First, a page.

Teenage Birthrate Increases For Second Consecutive Year
By Rob Stein and Donna St. George, for Washington Post , Thursday, March 19, 2009, - The rate at which teenage girls in the United States are having babies has risen for a second year in a row, government statistics show, putting one of the nation's most successful social and public health campaigns in jeopardy.
Teen births in the District, Maryland and Virginia mirror the national trend, the numbers show, and local health experts say they are alarmed by the shift. ..more...
*FROM DEMOCRACY NOW! : On Trip to Gaza, Parents of Slain Peace Activist Rachel Corrie Remember Their Daughter Six Years After Her Death *
Today marks the sixth anniversary of the killing of American peace activist Rachel Corrie by an Israeli military bulldozer in Rafah. She had been trying to prevent the demolition of a Palestinian home near the border with Egypt when she was killed. Democracy Now! producer Anjali Kamat and Jacquie Soohen of Big Noise Films traveled to Gaza last week with a women's peace delegation and Rachel's parents, Cindy and Craig Corrie. They remember their daughter and talk about the plight of the Palestinian people.
THEATER REVIEW |
The lonely soldier monologues (women at war in Iraq)
The Feminine, Touched: War as Women’s Work
By Neil Genzlinger, for The New York Times, March 10, 2009 - If war-story fatigue prevents some theatergoers from checking out “The Lonely Soldier Monologues (Women at War in Iraq),” that will be unfortunate, because this energetically acted example of journalism as theater explores some issues that deserve more attention. Plays and films have parsed the war in Iraq from all sorts of angles — the justifications for American involvement, the treatment of wounded soldiers, the tactical mistakes — but comparatively little has been heard about the increased role of women in the military operations.
Helen Benedict, a journalism professor at Columbia, has interviewed an assortment of female veterans and constructed “The Lonely Soldier Monologues” from their words. If that sounds dry, it isn’t: William Electric Black, her director, has injected the production with plenty of theatricality, using the whole space at Theater for the New City and livening things up with percussion, chanting, even a little audience involvement...more...
UAE public enemy No. 1: Lesbians
By Tracy Clark-Flory for Salon.com, March 18, 2009 - Lest you wonder, the United Arab Emirates, recently hit hard by economic woes, totally has its priorities straight when it comes to critical domestic threats. This week, officials jumped to action by launching a campaign called “Excuse me, I am a girl." (I'm pretty sure that was lifted straight from "The Valley Girl's Guide to Political Rhetoric.") It's aim: to fight a major "menace" to Arab society: lesbians....more...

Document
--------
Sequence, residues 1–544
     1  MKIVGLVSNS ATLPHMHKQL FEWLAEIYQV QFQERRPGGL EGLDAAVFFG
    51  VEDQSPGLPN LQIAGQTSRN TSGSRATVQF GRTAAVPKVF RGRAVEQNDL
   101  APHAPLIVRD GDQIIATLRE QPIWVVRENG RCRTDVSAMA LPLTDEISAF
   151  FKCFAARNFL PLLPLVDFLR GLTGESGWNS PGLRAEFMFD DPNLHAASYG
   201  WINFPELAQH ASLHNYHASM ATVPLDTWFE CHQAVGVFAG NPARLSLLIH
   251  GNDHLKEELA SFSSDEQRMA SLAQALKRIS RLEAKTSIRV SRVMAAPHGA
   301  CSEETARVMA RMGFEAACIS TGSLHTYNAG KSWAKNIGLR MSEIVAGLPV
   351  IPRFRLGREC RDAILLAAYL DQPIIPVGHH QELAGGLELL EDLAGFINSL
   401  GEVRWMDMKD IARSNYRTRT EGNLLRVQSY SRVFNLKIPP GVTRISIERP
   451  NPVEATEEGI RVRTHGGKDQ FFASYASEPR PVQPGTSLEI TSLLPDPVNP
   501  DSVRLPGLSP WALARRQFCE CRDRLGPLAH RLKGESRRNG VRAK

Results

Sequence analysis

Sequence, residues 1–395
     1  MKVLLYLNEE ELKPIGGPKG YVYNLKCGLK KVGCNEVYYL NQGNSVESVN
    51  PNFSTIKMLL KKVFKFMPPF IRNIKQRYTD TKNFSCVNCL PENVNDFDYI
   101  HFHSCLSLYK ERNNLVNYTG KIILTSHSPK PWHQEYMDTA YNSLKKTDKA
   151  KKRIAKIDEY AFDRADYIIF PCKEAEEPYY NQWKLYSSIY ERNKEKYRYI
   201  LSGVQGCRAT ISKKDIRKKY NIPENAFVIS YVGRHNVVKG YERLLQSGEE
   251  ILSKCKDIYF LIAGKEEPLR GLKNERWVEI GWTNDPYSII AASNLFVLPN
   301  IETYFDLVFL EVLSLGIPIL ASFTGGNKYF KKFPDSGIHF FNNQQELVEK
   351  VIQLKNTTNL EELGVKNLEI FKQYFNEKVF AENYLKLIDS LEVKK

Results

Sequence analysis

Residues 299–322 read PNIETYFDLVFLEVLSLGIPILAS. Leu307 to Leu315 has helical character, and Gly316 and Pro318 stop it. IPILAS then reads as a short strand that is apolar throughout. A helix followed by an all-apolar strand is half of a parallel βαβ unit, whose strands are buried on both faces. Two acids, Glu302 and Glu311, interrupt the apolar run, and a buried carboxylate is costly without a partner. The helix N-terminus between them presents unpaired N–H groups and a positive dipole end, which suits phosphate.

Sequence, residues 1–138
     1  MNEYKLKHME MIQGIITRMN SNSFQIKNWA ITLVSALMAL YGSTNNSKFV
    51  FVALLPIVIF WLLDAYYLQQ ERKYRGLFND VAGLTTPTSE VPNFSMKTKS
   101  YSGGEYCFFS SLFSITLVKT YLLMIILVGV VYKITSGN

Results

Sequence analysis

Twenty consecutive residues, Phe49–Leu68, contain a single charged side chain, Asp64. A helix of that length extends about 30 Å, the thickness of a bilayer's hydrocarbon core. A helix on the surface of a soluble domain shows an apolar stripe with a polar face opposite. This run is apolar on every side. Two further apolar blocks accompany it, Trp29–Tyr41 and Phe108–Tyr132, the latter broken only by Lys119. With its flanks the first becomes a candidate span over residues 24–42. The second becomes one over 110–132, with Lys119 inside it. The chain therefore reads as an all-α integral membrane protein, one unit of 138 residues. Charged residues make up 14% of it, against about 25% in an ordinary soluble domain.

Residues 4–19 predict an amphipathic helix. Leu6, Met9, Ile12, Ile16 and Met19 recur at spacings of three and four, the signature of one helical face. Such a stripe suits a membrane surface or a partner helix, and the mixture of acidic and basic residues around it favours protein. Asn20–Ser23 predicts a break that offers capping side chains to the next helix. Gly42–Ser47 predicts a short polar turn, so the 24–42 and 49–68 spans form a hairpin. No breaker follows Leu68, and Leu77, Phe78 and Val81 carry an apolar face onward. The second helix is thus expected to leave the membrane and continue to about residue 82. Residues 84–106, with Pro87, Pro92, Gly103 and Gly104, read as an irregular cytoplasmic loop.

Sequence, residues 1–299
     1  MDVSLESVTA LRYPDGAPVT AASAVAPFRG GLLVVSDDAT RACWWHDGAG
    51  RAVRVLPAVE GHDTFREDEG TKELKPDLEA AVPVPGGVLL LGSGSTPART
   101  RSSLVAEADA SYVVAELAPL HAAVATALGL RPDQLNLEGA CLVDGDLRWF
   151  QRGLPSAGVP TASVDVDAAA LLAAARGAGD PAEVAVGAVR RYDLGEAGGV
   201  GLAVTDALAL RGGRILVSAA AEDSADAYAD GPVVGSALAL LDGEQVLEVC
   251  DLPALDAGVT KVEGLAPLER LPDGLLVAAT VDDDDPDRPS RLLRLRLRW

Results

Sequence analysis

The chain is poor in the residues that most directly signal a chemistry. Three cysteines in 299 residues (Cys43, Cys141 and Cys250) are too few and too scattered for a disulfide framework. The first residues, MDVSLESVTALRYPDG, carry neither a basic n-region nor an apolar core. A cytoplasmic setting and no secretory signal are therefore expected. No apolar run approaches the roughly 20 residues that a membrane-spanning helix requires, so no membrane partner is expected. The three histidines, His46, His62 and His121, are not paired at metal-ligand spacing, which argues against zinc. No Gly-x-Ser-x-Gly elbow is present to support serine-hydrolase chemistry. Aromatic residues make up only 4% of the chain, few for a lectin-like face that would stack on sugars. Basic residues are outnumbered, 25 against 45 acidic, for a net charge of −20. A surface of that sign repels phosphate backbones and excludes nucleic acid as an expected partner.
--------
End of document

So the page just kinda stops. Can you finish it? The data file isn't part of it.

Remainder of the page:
All hail the female orgasm
By Tracy Clark-Flory for Salon.com, March 17, 2009 - Spend a few years living in San Francisco and the city's many public celebrations of sexual transgression will no longer shock you. But Sunday's New York Times profiles a community located on Folsom Street, home of the world's largest BDSM and leather fair, that registers as subversive to even longtime residents like myself: a commune dedicated to the female orgasm. One Taste Urban Retreat Center aims to start a female-focused "slow-sex movement"; it's much like the "slow food movement," only it is lady parts that are being savored...more..
FROM MOTHER JONES:
If you're a young feminist, pole-dancing or otherwise, you may have already read MoJo columnist Debra J. Dickerson's gasoline-soaked match of a piece on the future of abortion providers (and why young feminists need to blog less and work more to keep reproductive choice legal). One line in particular sparked what you might call "a bit of a debate" on our Blue Marble health and environment blog, as well as this guest post by Feministing's Courtney E. Martin taking Debra to task. Ready to join the fray?
Young Feminist Does Not Equal Pole Dancer
By Jen Phillips, Posted at Mother Jones, March 13, 2009 - Some of the "young chicks" over at Feministing.com and RH Reality Check got fired up about Debra Dickerson's post on abortion providers, and weren't afraid to let us know. Check out the comments here and here. In the original post, Dickerson points out a New York Times article about the declining number of abortion providers. It's asserted that young feminists (male and female) are not making abortion services a priority, and as a result, abortion access in the future is endangered.